The Gatepost Editorial: WiFi woes

For as long as many current FSU students can remember, using the campus WiFi has been a struggle.

Whether they are attempting to complete their homework in the commuter caf or research for a paper in their dorm rooms, the unstable WiFi access usually renders students incapable of accomplishing the task at hand.

We at The Gatepost believe the University should not only invest in more bandwidth and routers for the WiFi, but also a new network. FSU should create a second WiFi which would be password-protected and only available to students, faculty, staff and administrators.

What may have pushed students within recent years to be even more vocal about the WiFi than ever before is the opening of North and West Halls. These latest two residence buildings have no Ethernet ports installed – meaning students are not able to connect straight to the Internet and are forced to rely on the already weak WiFi signal.

Additionally, in West Hall, there are many rooms which are outside of the WiFi’s range. How is it that in today’s age residence halls are being constructed on campus without stable access to the WiFi?

Students are here to learn. In 2016, learning often takes place online, by using Blackboard, databases for researching,, mymathlab, Google Docs and connecting to online texts.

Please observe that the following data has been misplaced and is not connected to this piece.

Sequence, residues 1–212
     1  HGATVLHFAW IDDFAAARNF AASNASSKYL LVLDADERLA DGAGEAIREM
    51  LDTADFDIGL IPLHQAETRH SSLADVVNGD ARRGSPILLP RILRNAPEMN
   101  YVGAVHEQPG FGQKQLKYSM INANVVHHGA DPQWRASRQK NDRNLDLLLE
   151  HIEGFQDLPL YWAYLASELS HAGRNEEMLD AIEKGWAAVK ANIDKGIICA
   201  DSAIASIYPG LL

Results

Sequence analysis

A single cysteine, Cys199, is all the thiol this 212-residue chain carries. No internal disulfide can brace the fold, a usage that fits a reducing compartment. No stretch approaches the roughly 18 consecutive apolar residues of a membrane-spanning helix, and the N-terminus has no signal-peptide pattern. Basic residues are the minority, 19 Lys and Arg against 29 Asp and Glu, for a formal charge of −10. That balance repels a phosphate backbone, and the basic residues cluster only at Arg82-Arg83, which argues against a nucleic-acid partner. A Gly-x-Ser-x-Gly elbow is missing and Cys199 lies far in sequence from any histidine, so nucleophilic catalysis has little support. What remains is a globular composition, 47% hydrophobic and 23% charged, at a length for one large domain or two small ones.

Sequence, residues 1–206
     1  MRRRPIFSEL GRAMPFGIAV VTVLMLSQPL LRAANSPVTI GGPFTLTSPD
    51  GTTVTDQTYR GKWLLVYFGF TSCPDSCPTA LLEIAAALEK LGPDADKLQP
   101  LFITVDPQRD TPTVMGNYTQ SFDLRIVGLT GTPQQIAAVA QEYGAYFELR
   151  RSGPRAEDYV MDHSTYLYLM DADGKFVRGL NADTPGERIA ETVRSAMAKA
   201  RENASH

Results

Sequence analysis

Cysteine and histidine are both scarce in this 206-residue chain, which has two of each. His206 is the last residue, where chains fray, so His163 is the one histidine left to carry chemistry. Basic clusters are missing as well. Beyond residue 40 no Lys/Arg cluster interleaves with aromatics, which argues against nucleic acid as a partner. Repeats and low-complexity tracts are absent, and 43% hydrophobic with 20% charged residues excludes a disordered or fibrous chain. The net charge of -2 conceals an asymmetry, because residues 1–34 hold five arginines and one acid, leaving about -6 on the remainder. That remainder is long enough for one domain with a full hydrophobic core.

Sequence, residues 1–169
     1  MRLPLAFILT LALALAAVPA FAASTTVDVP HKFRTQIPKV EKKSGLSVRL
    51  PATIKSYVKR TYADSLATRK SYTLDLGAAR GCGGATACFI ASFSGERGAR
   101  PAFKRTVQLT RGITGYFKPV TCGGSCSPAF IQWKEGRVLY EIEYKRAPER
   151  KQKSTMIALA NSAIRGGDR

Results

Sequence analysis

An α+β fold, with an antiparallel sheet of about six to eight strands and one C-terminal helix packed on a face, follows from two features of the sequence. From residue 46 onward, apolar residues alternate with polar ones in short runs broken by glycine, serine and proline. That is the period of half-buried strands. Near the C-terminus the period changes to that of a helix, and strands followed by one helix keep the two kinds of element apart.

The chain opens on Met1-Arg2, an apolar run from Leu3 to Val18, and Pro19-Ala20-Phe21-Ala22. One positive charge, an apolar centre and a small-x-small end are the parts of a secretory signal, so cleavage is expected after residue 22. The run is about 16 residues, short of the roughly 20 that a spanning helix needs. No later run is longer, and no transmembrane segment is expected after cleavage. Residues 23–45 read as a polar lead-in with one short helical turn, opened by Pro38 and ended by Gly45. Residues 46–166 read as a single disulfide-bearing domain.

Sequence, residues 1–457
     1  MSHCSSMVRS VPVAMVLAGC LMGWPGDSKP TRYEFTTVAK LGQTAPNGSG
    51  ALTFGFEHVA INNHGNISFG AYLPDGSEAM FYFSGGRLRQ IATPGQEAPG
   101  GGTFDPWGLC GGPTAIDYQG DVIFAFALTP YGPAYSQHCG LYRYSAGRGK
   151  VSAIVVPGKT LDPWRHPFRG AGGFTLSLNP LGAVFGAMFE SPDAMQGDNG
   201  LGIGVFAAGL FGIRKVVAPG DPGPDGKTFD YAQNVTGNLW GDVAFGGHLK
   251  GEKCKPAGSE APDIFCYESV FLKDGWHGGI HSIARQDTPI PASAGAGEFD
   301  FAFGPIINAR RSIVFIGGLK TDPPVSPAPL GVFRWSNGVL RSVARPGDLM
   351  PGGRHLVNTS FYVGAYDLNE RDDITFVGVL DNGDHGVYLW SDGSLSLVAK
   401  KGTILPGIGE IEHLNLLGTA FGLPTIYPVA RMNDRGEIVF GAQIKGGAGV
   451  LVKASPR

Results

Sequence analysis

Down time is also an important part of a student’s college experience, and students usually rely on the WiFi in order to relax. Getting friends together to watch a movie or T.V. show on Netflix or Hulu can be almost impossible in some dorms, with students even going to academic buildings like the McCarthy Center to watch shows on the projectors in the classrooms.

With nearly 5,000 people on campus every week day, separating the WiFi by FSU community and the public would make connecting much easier and therefore increase productivity.

Many universities – Boston University, Harvard University and the University of Maine – already have this system in place. Preventing random people from accessing, and thereby slowing down the WiFi will allow for more bandwidth for the FSU community to share.

For a close-to-home comparison, Fitchburg State University has 6,807 faculty, undergraduate and graduate students, according to its website – not too far off from Framingham State’s approximation – and there are different networks for employees, adjunct faculty and employees, students and the public, with the former three all requiring log in credentials.

The need for better WiFi has been among students’ and professors’ top requests for years, and the lack of action to fix this problem needs to be addressed.

After all, students pay to attend this University. They should not have to leave their residence halls or have to connect directly to the Internet through an Ethernet port to submit a discussion board post.

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